A Guide to Shamanism on Jeju Island, Post Nine: Snake Shrines

Snake deity worship is not limited only to the pantries and gardens of Jeju Island homes. There are also village shrines dedicated to the worship of serpents—whose origins differ from that of the Chilseong gods. These deities play the role of shrine deities, like those found in all Jeju villages. In the case of these…

A Guide to Shamanism on Jeju Island, Post Three: The Door God’s Epic

The Munjeon Epic—The Door God’s Myth (simplified plot) The following is the plot of Munjeon Bonpuri, the Door God’s epic, which relates to us the foundation myths of the household deities introduced in Post One. Keep in mind that the the following is the plot of the epic, not a direct translation of the epic itself. While some…

Jeju Island’s Haenyo: A User’s Manual, bil-le, bil-le, beach of death

“Back then, many people had been killed by the national government’s forces,” the woman informed me. “Many of the bodies from neighboring villages washed up on Pyeol-ro-Neo-man-ri’s shore. The bille was strewn with bodies. The women of our village were offered a deal. If they cleaned up the corpses, then they’d have the rights to the neighboring village’s territory.”

And clean up the bodies they did. The women of Pyeol-ro-Neo-man-ri, many in their twenties and thirties at the time, some much younger, scoured the jagged bille, combing over each and every surface for the remains of the neighboring village’s dead.

Jeju Island’s Haenyo: A User’s Manual, interview with a young diver

The truth is, I am the same person in the water and out of the water. I’m just a person trying to make a living like everyone else. Don’t think of me as a woman diver. Think of me as a person. I want people to know that I’m not doing this work because I couldn’t go to school or was born poor. No, that’s not it. I’m a woman diver because I chose to be a diver.

* visiting Jeju w/ daniel paul marshall

Originally posted on The Friday Influence:
photo by Joey Rositano This week’s post features a poem by Daniel Paul Marshall. Marshall writes about the Haenyeo, female divers from the Korean province of Jeju. The Hangul for the word, (해녀)roughly translates to sea women, and serves as the title for this poem. When I informed Marshall I…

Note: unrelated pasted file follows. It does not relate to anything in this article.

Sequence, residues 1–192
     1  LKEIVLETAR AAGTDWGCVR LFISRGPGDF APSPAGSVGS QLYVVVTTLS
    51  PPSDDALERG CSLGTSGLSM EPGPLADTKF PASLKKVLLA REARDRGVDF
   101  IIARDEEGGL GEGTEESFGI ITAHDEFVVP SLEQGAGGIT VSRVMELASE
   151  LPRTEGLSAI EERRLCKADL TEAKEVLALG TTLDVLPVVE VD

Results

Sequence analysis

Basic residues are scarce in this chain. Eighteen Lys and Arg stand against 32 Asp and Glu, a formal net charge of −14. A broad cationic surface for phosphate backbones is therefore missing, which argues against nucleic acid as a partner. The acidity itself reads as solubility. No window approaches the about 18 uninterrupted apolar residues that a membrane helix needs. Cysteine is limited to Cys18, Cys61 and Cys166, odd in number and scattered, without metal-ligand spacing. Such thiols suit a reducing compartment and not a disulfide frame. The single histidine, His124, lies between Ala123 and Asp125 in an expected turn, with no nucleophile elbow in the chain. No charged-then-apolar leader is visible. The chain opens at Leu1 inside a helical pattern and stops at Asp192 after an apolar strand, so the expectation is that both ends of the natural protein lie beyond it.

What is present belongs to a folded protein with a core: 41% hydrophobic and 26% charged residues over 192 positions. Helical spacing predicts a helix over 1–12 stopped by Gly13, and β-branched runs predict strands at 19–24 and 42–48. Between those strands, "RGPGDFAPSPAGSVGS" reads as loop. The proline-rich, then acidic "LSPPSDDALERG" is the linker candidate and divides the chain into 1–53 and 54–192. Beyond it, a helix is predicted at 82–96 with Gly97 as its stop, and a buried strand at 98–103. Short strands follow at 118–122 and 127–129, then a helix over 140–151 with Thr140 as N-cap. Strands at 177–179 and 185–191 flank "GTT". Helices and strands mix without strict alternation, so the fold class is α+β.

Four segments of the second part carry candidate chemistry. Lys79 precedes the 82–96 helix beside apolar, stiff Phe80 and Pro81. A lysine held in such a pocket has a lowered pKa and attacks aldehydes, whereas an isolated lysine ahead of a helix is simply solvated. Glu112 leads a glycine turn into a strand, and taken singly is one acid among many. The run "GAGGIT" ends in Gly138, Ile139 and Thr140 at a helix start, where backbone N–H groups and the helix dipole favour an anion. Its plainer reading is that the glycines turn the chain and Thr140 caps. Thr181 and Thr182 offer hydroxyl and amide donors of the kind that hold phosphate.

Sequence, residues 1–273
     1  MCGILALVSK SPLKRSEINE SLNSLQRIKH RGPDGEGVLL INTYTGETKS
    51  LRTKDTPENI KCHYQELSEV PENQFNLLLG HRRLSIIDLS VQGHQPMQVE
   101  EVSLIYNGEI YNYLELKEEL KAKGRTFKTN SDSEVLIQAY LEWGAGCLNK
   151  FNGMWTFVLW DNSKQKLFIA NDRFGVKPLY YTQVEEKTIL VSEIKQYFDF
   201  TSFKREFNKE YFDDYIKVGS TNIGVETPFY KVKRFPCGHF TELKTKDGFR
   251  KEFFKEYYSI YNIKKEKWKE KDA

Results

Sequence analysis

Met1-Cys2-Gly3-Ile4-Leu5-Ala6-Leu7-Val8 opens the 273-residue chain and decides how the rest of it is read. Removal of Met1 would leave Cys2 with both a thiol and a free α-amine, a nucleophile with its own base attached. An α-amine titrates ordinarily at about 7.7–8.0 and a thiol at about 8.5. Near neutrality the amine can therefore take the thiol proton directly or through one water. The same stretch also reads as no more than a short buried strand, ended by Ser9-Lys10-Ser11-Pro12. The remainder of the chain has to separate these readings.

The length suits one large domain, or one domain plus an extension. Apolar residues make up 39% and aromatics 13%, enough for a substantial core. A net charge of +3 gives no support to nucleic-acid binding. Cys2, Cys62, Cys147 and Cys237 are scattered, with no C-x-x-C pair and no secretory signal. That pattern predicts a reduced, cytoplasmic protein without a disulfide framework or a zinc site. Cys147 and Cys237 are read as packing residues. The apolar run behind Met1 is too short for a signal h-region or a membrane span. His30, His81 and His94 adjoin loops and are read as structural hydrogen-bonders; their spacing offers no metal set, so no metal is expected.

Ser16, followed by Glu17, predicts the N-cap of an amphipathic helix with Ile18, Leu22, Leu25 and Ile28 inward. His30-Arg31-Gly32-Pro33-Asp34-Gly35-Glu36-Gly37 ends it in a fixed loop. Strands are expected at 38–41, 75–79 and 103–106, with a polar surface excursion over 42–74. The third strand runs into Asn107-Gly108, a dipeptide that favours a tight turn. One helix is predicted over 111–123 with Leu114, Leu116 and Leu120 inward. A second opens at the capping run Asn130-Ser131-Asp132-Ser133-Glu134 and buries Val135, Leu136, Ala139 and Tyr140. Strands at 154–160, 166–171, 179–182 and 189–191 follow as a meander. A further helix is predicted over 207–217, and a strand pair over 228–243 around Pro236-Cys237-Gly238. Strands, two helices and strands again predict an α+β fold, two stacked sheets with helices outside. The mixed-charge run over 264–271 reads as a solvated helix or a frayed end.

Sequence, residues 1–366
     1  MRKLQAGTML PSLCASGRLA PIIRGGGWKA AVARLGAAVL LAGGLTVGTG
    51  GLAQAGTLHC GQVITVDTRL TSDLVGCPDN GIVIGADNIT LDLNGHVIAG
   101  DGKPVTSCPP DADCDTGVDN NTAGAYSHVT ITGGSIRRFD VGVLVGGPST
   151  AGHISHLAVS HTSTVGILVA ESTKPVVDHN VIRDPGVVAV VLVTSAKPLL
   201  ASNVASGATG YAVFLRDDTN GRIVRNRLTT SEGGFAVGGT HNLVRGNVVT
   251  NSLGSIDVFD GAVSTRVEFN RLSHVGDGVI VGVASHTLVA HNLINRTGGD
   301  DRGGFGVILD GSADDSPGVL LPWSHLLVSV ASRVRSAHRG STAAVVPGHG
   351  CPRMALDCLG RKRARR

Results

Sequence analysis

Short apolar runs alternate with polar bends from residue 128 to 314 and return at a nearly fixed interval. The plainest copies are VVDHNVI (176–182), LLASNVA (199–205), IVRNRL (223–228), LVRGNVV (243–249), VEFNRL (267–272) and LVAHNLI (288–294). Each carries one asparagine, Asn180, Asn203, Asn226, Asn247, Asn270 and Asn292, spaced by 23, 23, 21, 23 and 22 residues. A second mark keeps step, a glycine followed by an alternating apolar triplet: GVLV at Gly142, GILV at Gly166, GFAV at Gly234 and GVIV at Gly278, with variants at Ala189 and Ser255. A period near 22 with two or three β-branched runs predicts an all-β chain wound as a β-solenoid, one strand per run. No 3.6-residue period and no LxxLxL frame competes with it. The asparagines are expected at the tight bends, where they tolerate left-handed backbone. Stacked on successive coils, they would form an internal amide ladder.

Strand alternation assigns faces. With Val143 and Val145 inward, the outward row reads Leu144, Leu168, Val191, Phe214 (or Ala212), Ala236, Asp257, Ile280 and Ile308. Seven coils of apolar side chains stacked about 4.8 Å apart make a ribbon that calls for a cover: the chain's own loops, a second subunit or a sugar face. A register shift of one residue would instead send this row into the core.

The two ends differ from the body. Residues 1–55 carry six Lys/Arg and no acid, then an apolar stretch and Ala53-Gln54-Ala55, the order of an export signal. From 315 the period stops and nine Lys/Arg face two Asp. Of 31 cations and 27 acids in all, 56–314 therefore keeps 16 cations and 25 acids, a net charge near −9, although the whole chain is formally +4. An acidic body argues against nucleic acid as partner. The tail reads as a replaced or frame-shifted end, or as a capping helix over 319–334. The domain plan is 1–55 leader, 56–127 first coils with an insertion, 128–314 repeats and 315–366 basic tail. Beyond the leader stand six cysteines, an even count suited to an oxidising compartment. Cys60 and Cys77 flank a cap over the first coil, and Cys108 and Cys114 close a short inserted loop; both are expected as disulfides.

Field Notes #2: Saewa Village’s Shamanic Shrines Were Burnt to the Ground

During the Anti-Superstition Movement of the 1970s, over one hundred of Jeju Island’s shamanic shrines were burnt, along with many holy relics. President Park Chung Hee’s government had implemented the misin-tapa as part of the movement for the modernization of South Korea. The aim of the misin-tapa was to eradicate traditional religion from rural communities, replacing it…

Field Notes #1: “Solstice.” (Video)

My documentary on Jeju Island’s shamanic culture (Sprits: The Story of Jeju Island’s Shamanic Shrines) will debut this September. I’ll be sharing plenty of extras on my youtube channel . I’ve been researching and filming the project for five years, so there is plenty to come. This clip is from a series I’m calling ‘Field Notes’. In…

Breath: Have the Diving Women of Jeju Island Been Using World Record Holder (Iceman) Wim Hof’s Cold Exposure Method for the Last 1500 Years?

July 6, 2016 joeyrositano Haenyo, Jeju Island, Uncategorized, Women DiversAnthropology, Asian culture, breath hold diving, Cold endurance, Diving, free diving, Haenyo,Hyperventilation, Iceman, Jeju Island, Korea, Shamanism, South Korea, Sumbisori, Traditional Culture, Vim Hof, Vim Hof Method, Woman Diver, Women Divers In the winter of 2015, I first saw Wim Hof, the incredible Iceman, on Vice.com. Hof is known for an amazing array of feats, many of which involve withstanding extreme arctic temperatures while experiencing little or no negative…